Colfax has come a long way in its revitalization, although we may see increased ratings for Johns TV after Channel 4's recent exposé on the rub-and-tug/happy-ending industry here in town. But human nature always prevails, as it was doing when we pulled up to the Cork House (4900 East Colfax Avenue) the other night. Hanging on for dear life to the corner stop sign was a guy with two women draped all over him -- one performing a throat culture with her tongue and the other rounding first or second base (depending on your state of origin). We felt pretty sure that some money had exchanged hands at some point -- or else this was the most elaborate sting ever.
Successfully avoiding the orgy out front, we took a seat on the patio. It was mildly chilly, but propane heaters kept things comfortable. I'd liked this place when it was Tante Louise, but was more impressed by its current incarnation as the Cork when a menu arrived and 75 percent of it proved to be the wine list. Cheese choices accounted for most of the appetizer portion; I couldn't help but look around for Michael Palin telling John Cleese that they didn't have any Brie or Venezuelan beaver cheese. Most of the cheeses listed were varieties I'd never sampled but knew of from TV -- just as my knowledge of opera and classical music comes from "The Rabbit of Seville" and other Bugs Bunny cartoons. The food section, while varied, was obviously meant to do no more than complement the wine selection. All in all, the menu seemed to be saying that if you go for volume rather than vintage and didn't particularly enjoy Sideways, you don't belong here.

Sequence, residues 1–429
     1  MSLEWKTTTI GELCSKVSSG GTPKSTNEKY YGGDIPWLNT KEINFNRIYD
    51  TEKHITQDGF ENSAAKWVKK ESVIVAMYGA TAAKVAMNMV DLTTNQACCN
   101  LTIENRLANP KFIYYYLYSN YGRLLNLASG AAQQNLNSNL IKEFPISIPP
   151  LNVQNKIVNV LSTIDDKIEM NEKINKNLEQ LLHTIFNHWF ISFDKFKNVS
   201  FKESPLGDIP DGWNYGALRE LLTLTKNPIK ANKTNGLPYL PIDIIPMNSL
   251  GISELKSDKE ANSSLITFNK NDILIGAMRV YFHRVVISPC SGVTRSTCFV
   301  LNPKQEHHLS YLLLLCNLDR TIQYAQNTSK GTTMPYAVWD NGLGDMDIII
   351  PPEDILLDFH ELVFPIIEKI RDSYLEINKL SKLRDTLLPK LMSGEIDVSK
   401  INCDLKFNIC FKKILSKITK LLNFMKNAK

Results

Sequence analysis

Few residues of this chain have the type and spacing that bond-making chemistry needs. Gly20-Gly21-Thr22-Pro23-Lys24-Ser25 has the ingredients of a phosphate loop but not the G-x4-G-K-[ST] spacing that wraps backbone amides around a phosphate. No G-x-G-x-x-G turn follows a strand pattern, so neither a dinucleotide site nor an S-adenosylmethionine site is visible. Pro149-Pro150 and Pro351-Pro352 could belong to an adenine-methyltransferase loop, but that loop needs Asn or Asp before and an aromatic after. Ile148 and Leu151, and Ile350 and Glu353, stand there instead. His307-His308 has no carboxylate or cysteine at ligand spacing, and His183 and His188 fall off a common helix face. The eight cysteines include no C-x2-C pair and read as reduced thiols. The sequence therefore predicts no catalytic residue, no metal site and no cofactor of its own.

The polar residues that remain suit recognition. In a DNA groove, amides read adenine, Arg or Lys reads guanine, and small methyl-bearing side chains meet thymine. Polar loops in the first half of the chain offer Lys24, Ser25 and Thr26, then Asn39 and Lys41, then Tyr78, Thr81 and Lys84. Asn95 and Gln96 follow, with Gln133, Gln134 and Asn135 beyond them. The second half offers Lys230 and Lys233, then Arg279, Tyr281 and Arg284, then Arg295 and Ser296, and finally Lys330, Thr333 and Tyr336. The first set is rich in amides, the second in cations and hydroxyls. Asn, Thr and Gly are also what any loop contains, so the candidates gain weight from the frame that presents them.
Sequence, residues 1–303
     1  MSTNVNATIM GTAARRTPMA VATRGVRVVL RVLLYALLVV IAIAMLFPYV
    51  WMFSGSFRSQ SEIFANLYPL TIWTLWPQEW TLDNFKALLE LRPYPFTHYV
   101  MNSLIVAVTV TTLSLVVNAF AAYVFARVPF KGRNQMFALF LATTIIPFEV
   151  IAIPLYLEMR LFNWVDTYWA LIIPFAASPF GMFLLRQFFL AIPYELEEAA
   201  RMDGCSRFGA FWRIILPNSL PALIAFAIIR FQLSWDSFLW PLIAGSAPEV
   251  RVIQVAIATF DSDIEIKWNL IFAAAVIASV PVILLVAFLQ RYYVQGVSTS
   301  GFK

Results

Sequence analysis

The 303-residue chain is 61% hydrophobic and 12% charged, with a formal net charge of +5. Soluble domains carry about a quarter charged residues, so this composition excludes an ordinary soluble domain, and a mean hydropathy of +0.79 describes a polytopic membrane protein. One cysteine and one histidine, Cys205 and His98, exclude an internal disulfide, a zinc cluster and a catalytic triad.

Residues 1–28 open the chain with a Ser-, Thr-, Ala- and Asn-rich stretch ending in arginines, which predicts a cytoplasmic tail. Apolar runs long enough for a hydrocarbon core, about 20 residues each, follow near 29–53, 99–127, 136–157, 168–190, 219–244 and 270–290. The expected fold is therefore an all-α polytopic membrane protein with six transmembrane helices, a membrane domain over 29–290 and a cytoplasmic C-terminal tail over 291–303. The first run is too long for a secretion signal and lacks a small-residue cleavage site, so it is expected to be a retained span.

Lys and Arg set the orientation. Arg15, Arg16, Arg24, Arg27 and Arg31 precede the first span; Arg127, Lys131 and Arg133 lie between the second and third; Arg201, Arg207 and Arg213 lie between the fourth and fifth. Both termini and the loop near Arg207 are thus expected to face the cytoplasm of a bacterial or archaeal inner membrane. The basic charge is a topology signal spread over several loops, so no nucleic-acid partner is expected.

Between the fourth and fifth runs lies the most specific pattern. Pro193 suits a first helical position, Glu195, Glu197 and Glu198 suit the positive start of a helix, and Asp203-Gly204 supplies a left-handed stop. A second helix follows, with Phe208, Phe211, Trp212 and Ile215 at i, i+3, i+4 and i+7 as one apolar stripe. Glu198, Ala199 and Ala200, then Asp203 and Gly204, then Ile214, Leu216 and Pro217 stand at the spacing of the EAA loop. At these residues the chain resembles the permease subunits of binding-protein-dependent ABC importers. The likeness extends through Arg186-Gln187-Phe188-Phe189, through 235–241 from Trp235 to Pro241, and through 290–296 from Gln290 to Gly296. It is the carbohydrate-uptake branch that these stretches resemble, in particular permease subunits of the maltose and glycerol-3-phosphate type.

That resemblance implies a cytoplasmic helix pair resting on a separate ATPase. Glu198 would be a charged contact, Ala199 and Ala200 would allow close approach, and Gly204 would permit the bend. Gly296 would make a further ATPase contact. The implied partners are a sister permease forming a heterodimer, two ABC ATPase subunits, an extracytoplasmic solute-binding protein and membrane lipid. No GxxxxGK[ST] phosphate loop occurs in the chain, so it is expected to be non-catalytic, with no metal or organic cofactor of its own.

Still, the staff was exceedingly helpful in pointing out wines they might actually drink and not use to scrub toilets; if you went with a lesser wine, they still made you feel good about it. I firmly believe that I could have ordered a bottle of Cisco and our waiter would have commented, "Excellent choice, sir." For the uninitiated, Cisco is about a 300-proof adult beverage that's a total sleeper buzz, since you go from judicially sober to comatose in a matter of an hour. Not that we weren't warned both times we drank it; the bottle clearly states "This is NOT a wine cooler."
But nor were we drinking wine coolers at the Cork House. My first selection arrived in the largest wineglass I'd ever seen, and the message in this glass was clear: You are not walking out of here without a buzz.
Or alone. Whether it was the Cork's cozy setting, the patio trees strung with white lights that always remind me of Disney World, or those big glasses of wine, odds were good that if you came with an attractive person of the opposite sex, that person would be waking up the next morning wondering if you still respected him or her. There are few certainties in life, but in the Institute's considered opinion, the Cork House comes as close to a guaranteed happy ending as you can get.
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